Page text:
2. Cross-Utility Credit Transfers

Now, if your solar project makes more energy than you need, you can pass on those savings to someone else, even if they're with a different power company across the state. This flexibility ensures that the benefits of solar energy can be shared more broadly, helping more people save money and do their bit for the environment.

3. Cap Exemptions

Before, there was a limit on who could get the credits - solar systems used to get a pass only if they were 10 kW or smaller, which meant larger and more efficient solar panel projects were often left out. Now, the bar's raised to 25 kW. Plus, behind-the-meter systems that have a capacity over 60 kW but don't exceed 2 MW are now not subject to the net metering cap.

4. Cost Recovery Restructuring

To make the program more cost-effective and transparent for ratepayers, DPU has given the program’s pricing a makeover, specifically the part known as Net Metering Recovery Surcharge (NMRS). By adjusting this fee, they’re aiming to lower the costs associated with the program, making the bills easier to understand and the switch to solar more budget-friendly.

A Contrast to the National Scene

While Massachusetts strides forward, the situation across the rest of the country paints a quite different picture, with many facing setbacks and moving away from once-popular net metering policies. A national trend was set by California as the state has dramatically shifted the landscape with its introduction of Net Energy Metering 3.0 in April 2023. This change slashed the rewards solar panel owners receive for the excess power they generate by about 75%, leading to numerous businesses folding and a big drop in new solar panel installations on roofs. Additionally, The California Solar & Storage Association (CALSSA) reported a staggering loss of over 17,000 jobs. The impact was severe, pushing the state's solar industry into turmoil and knocking it off course from hitting its climate targets.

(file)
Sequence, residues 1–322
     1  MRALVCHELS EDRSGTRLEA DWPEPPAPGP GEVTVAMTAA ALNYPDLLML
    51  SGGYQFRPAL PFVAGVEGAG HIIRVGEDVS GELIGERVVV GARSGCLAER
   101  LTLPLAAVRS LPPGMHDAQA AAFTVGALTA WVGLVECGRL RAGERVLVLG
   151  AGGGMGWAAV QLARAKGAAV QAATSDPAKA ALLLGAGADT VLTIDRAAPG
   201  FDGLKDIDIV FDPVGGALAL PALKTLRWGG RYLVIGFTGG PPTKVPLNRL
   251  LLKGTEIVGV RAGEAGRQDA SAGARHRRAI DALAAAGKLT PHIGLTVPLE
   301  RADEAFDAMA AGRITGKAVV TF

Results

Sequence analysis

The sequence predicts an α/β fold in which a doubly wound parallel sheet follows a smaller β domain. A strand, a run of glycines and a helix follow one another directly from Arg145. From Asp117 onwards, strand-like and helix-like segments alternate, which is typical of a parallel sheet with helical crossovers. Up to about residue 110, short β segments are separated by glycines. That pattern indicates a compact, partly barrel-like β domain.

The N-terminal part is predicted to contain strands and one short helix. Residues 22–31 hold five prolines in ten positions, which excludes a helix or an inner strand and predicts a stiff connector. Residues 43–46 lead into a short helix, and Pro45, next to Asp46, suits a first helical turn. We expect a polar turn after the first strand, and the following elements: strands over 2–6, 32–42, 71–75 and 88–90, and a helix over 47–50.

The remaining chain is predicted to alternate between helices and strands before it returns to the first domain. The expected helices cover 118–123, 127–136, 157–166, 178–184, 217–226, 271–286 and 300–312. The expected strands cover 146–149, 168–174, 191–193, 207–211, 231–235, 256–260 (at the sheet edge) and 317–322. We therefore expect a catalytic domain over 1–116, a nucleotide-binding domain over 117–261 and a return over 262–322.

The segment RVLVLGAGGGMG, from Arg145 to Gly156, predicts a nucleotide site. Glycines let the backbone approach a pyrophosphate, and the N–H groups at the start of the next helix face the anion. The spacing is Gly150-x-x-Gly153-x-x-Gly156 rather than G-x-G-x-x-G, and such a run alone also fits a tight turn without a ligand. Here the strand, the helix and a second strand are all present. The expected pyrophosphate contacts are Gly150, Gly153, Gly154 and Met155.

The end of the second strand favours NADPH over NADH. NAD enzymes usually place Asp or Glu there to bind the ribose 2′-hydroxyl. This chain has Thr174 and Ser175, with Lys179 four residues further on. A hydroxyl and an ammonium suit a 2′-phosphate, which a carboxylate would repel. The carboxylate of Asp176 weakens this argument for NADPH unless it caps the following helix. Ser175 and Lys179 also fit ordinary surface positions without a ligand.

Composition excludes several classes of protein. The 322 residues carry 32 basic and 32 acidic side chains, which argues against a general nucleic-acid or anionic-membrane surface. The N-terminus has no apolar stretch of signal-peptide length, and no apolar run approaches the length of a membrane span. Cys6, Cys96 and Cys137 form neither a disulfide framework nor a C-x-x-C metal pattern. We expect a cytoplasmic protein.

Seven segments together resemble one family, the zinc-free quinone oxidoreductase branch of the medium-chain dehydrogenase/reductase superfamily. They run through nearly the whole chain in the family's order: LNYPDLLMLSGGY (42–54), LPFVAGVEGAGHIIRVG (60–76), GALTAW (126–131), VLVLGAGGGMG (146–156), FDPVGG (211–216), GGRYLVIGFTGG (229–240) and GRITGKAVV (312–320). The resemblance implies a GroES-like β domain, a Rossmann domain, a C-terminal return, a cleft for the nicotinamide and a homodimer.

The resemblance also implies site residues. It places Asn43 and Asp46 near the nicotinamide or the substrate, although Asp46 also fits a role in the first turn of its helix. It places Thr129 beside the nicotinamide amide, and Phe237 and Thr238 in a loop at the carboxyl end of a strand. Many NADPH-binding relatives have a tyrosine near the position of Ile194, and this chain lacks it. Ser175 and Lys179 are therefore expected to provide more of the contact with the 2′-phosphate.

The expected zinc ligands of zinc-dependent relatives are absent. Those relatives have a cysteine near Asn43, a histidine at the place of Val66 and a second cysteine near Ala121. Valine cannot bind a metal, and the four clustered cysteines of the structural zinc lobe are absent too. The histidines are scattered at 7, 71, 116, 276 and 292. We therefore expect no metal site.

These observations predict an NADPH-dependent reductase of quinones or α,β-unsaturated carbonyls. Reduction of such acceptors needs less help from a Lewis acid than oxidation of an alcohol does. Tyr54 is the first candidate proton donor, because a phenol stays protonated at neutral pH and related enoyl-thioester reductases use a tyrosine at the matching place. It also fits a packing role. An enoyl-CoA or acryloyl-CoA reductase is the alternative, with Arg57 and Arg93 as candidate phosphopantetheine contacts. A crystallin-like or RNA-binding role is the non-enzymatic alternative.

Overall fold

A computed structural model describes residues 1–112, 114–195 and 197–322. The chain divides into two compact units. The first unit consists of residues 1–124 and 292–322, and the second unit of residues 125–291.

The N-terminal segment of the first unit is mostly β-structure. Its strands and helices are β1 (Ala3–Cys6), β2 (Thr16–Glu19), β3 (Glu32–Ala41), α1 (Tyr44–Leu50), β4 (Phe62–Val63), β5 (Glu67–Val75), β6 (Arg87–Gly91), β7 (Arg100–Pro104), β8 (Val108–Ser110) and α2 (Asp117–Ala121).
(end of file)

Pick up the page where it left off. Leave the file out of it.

California's struggles are part of a larger trend where net metering, a key support for home solar power, is being phased out across the country. A report from the National Academies of Sciences, Engineering, and Medicine highlights that, over the past decade, more than a dozen states have gradually phased out their net metering policies. This shift started picking up speed in the mid-2010s when different places across the U.S. began adopting new regulations or tariffs that moved away from the traditional net metering approach. These changes came about in various ways - through new laws, regulatory initiatives, or utilities pushing for new tariffs.

By now, almost every regulatory authority in the U.S. had looked into alternatives to the old net metering system. Throughout 2023, many states shifted towards net billing for distributed solar compensation. California launched its net billing plan, while official bodies in both Arkansas and Idaho switched from net metering to net billing. In addition, Hawaii's energy regulators approved updates to include net billing in their distributed energy resource tariffs.